In previous centuries, it was believed that people had gout because of viscous humours. According to ancient Western physiology, humours are 1 out of the 4 body fluids that define the features and temperament of a person. According to long-held beliefs, these fluids “seep from the blood” and deposit into the joints where they cause extreme pain.
The Dangers of Having High Uric Acid Levels
Eventually, the true cause of gout was determined: having high levels of uric acid in your blood, known as hyperuricemia. Gout happens because of a breakdown in the metabolic process that should regulate the amount of uric acid in your blood.
Uric acid usually dissolves in your blood and moves through the kidneys without causing harm. But when your body makes too much uric acid or does not release an adequate amount of it in your urine, uric acid builds up and leads to the creation of painful needle-like crystals in your joints and in the surrounding tissues.
To deal with these situations, pay close attention to your uric acid levels, because if you let these rise, your risk of gout attacks or flare-ups increases as well.
Risk Factors That Could Predispose You to Gout
There are numerous risk factors that determine your chances of being diagnosed with this disease. Known gout triggers include: These include:
• An unhealthy diet loaded with:
◦ High amounts of alcohol: alcoholic drinks raise your blood uric acid levels, leading to gout attacks.
◦ Food containing high-fructose corn syrup (HCFS): This ingredient, which is present in many processed foods and beverages today, has shown links to gout. Excess fructose in your system prevents the excretion of uric acid, resulting in a buildup inside the body and elevated levels of this fluid. In fact, the inflammation often associated with gout is connected to high blood sugar.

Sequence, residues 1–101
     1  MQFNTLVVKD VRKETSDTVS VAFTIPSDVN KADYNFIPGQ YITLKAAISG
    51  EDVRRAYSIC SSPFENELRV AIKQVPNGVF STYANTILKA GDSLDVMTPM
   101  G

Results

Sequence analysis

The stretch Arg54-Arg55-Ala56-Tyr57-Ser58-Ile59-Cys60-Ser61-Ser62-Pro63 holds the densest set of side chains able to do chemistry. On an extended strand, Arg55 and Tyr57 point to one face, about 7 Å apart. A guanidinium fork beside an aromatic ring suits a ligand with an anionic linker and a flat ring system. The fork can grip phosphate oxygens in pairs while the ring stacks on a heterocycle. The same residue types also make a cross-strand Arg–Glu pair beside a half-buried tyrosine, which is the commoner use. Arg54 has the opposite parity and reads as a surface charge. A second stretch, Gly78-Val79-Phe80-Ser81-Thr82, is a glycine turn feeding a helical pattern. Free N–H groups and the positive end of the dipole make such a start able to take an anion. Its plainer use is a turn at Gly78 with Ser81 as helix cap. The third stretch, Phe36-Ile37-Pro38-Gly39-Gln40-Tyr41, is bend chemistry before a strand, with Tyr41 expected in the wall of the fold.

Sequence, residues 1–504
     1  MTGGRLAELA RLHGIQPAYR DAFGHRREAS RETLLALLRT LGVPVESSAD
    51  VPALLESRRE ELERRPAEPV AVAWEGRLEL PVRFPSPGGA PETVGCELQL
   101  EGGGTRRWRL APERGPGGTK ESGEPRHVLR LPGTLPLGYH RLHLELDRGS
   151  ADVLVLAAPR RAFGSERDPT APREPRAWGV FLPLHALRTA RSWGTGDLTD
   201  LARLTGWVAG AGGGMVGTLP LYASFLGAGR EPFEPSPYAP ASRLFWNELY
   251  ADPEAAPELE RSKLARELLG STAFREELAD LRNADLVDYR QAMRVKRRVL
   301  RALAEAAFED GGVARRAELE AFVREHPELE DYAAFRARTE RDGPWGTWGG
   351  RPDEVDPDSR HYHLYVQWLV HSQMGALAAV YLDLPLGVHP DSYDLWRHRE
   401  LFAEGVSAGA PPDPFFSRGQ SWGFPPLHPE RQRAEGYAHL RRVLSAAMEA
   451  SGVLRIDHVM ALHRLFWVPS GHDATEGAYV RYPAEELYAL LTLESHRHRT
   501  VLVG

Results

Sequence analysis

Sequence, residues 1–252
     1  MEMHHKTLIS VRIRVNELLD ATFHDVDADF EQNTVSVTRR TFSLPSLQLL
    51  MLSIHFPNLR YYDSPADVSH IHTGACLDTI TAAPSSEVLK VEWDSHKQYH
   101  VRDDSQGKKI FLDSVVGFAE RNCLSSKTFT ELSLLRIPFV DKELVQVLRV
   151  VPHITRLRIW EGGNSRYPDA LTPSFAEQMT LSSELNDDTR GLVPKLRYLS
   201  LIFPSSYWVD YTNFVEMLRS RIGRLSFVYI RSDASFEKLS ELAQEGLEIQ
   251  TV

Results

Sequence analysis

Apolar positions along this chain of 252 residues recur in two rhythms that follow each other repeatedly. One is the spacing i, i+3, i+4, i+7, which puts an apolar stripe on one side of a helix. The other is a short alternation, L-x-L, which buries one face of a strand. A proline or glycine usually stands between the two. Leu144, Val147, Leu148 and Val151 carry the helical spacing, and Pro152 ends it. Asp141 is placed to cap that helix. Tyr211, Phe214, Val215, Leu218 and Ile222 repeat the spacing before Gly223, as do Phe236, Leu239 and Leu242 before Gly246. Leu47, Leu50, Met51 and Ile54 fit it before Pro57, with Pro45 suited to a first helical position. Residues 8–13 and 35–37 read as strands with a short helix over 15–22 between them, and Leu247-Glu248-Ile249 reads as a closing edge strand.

Fructose also produces toxins and waste products (uric acid is one of them) when it’s metabolized by the liver, and is linked to other health problems and chronic diseases.
◦ Purine-rich food: A natural substance found in your body’s cells and in food,1 purine is broken down by the body and formed into uric acid. As mentioned above, too much uric acid leads to higher blood levels and joint pain and damages.
Examples of purine-rich foods include organ and red meats, shellfish,2 anchovies, herring, mushrooms, asparagus, cauliflower, kidney beans, lentils, spinach, and peas, to name a few.3 If you have gout or are showing signs of this illness, avoid these foods or eat them in moderation.
• Being obese or overweight: Your probability of being affected with gout4 grows if you’re obese or overweight. Gout attacks or flare-ups can be exacerbated by certain factors, and excess body weight plays a role in this. The outcome? An irritation to the already-sensitive nerve endings.
The inflammation that gout patients experience is also associated with another condition: metabolic syndrome. Metabolic syndrome occurs when your body’s metabolism does not function properly, resulting in various biochemical and physiological abnormalities.5 Obesity, hypertension, and disturbed glucose and insulin metabolism are common hallmarks of this disorder.
A key factor in the onset of metabolic syndrome is having high uric acid levels in the blood, so it is not surprising that medical data and case series studies have shown that gout patients had a high prevalence of metabolic syndrome.6
• Existing medical problems: People who have diabetes, heart disease, and/or high cholesterol and high blood pressure levels and who underwent gastric bypass surgery are at a higher risk of this illness.7
• Medications: Taking these types of medication can predispose you to the likelihood of a gout diagnosis:
◦ Diuretic medications or “water pills” usually needed for high blood pressure levels8
◦ Low-dose aspirin9
◦ Immunosuppressants (drugs that decrease the strength of your body’s immune system)10 like cyclosporine (Neoral and Sandimmune) and tacrolimus (Prograf)11
• Genetics: Although it is a minor factor, a child who had one or both parents suffer from gout may be diagnosed with the disease in the future.